Throughout the week of practice at Carleton, it was apparent Team West had all the ingredients required to make big plays in all three phases of the game.
The only question was would they put it on tape Saturday?
No more questions. The answer was a resounding yes after the West racked up 464 passing yards on their way to a 35-17 victory.
It was the fourth straight victory for the West and improved their record to 11-6 in the annual Canadian Football League top prospects game since the event began in 2003.
The catalyst on offence for the West all week was QB Adam Sinagra, who began the game with a 45-yard completion to Guelph’s Kian Schaffer-Baker. It was a sign of things to come. Schaffer-Baker would finish the day with 126 yards receiving to lead all pass catchers.
Sinagra was clearly the best passer on the field through the week of practice and it showed Saturday with the stands full, as the Dinos lead man and reigning Hec Crighton Trophy winner used his snappy release and strong arm to punch holes in the Team East secondary over and over again.
“It’s great to get to know the guys one on one that you see you usually go up against and see on highlights and have the chance to play with them,” said Sinagra.
One of the most underrated parts of a showcase game like the East-West Bowl is the protection each quarterback gets, allowing them to progress through reads and allow receivers to make plays in the open field. While Team East had a tough time slowing Manitoba defensive end Brock Gowanlock down - he would finish with two sacks - Team West had the distinct advantage that comes with having a handful of legitimate Top 20 CFL Draft prospect offensive lineman.
Sinagra and fellow West passer, Manitoba’s Des Catellier, had all the time they’d need and plenty of receiving talent to waste.
“Picking one is tough,” said Sinagra of which he’d love to have as a Dinos teammate. “(Waterloo’s) Tyler Ternowski is great, he’s just so shifty, he knows how to get open and his speed – he’s pretty elusive. (Saskatchewan’s Colton) Klassen gets open, Macho (Bockru of Manitoba) is great – I would take them all.”
Sinagra and Catellier found all of them including Schaffer-Baker during the game, hooking up for three touchdown passes and 322 receiving yards.
The result was a West squad that fell just two points short of the all-time East-West Bowl point total record by a single team of 37 set by Team West in 2017.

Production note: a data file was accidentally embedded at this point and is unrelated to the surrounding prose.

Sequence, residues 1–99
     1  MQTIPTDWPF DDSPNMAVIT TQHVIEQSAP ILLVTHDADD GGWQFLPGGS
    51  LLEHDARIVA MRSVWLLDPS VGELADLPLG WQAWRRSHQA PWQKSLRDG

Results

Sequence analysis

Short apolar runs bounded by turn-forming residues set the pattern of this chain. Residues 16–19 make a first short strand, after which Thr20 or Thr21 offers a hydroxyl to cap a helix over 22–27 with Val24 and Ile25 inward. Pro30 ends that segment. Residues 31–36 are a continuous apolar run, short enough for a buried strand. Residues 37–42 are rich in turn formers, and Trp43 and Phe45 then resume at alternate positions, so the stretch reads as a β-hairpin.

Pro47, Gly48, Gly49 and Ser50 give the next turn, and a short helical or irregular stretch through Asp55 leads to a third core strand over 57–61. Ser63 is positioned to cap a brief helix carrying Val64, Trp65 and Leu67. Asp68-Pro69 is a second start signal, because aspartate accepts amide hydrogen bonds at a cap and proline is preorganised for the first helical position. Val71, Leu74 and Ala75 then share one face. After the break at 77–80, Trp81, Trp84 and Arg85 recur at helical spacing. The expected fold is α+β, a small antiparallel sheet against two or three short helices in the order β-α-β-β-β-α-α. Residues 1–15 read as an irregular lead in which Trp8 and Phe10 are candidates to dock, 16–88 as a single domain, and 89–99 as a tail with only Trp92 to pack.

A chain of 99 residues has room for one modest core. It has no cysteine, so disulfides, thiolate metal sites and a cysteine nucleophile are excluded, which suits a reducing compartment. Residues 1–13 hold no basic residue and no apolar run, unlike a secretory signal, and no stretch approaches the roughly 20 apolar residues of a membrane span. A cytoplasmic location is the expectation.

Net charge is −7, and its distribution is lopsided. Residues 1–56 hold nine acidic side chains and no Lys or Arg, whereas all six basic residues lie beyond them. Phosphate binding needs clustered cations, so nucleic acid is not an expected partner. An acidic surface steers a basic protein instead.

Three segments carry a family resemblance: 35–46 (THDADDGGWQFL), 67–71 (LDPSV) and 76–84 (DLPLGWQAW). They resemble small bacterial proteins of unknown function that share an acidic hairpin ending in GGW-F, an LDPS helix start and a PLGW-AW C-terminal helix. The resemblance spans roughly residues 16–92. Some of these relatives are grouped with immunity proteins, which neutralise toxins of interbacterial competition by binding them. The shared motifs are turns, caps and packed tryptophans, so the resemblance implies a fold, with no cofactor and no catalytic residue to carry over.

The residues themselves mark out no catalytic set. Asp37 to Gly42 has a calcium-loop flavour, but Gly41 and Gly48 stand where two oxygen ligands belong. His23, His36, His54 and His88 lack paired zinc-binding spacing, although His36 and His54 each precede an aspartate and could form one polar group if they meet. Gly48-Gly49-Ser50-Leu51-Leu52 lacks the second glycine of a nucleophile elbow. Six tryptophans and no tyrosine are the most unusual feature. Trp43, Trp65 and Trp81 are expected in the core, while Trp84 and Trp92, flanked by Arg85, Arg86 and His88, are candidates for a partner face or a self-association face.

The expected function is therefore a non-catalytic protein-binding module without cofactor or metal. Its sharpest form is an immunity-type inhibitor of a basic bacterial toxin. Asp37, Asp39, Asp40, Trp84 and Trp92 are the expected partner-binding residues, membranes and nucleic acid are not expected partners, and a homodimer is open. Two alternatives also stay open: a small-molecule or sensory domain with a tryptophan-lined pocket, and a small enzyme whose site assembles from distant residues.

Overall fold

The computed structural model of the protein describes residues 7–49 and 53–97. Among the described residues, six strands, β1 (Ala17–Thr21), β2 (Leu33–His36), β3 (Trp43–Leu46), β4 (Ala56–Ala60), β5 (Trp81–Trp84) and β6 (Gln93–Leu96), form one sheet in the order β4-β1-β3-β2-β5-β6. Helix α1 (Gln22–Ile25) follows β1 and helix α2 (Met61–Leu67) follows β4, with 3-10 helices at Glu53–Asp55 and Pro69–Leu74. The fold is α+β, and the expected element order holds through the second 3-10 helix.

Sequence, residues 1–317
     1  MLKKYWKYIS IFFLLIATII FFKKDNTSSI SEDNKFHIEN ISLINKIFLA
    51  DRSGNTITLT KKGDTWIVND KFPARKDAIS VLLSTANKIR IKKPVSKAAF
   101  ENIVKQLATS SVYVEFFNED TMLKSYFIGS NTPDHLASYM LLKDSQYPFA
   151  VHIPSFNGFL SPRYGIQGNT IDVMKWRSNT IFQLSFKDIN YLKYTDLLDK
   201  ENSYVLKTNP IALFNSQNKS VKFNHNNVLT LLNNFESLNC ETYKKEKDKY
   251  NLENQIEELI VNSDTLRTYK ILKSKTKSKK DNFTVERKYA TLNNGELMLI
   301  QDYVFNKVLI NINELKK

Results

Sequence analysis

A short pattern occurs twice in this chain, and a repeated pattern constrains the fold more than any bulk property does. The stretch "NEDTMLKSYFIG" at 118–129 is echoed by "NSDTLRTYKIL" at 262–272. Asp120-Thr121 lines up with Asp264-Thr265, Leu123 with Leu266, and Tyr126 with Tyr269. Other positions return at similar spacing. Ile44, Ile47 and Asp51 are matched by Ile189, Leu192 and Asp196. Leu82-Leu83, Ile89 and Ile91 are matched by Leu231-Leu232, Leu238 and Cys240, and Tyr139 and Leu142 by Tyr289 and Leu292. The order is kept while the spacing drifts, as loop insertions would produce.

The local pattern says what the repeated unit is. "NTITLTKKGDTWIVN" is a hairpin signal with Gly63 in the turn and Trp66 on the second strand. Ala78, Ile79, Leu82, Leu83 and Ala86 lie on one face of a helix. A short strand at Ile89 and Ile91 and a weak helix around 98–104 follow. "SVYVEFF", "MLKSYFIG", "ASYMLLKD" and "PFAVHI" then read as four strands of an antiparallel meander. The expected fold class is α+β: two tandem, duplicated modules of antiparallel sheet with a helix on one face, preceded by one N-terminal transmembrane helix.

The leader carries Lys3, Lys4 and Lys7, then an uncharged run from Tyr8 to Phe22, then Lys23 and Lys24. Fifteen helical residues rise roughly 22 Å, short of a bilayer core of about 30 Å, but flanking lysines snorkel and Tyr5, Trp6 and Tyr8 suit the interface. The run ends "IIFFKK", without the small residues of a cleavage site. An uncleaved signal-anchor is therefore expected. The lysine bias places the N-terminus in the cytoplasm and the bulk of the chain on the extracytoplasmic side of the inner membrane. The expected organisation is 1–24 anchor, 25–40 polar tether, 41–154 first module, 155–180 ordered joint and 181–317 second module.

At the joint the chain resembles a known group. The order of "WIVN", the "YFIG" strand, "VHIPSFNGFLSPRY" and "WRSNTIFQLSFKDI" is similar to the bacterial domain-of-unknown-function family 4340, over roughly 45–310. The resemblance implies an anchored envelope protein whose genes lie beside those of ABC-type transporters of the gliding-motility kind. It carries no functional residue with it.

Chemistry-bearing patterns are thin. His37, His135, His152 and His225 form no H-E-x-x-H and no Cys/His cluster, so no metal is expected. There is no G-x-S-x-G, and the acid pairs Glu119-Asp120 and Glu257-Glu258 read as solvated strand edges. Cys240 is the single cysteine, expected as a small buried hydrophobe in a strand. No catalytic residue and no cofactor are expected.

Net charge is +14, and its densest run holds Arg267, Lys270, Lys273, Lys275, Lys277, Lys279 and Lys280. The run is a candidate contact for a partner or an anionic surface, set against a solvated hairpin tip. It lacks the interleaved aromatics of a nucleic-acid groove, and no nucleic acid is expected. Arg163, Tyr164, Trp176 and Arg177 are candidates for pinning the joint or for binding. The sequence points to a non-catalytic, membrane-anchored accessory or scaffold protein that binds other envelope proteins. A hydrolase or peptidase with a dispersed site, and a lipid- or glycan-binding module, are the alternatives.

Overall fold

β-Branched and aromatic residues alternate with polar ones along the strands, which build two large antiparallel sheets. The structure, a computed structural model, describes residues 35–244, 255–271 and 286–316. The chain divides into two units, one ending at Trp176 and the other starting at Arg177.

Mustang head coach Greg Marshall was at the helm of the victorious Western squad six months after leading Western to their second Vanier Cup appearance in as many years.
For the East, it was a tough day moving the ball through the air at times but they did get an efficient performance from Clay Sequeira, who finished 6-for-8 for 57 yards before being replaced by Acadia’s Hunter Guenard for the majority of the game.
Guenard battled through the afternoon to get the East back into the 17th edition of the national showcase. Despite trailing the entire game, he was able to lead drives and control the clock while completing 13 of 23 passes for 146 yards, one touchdown and an interception.
The real stars for Team East came in the backfield and defensive secondary. Acadia running back Dale Wright had 88 yards on just seven carries for a 12.6 yards per carry average, including an explosive burst in front of the Team West bench that went for 63 yards. Meanwhile, Montreal defensive back Marc-Antoine Dequoy bothered West receivers all day with his length and athleticism. THE RSEQ Defensive Player of the Year was eventually rewarded for his efforts with an interception, one of four total thrown on the day by East and West passers.
This group is chalk full of skilled U SPORTS talent capable of dominating this fall and having their name called this time next year in the CFL Draft. From lineman to receivers, running backs and maybe even a certain Calgary quarterback, the 2019 East-West Bowl might have been dominated by the West, but it’s the entire country that will benefit from the group’s talent.
“This game provides an opportunity for the CFL scouts, GMs and coaches to work hands-on with the next generation of CFL players," said Carleton head coach Steve Sumarah. "They get to work with them on a one-on-one basis and get to know them as people. To me, this is what’s made a huge difference in the CFL Draft. More and more U SPORTS guys are getting drafted because of the relationship built in the East-West Bowl.”
- East: Trey Kellogg, UBC
- West: Adam Sinagra, Calgary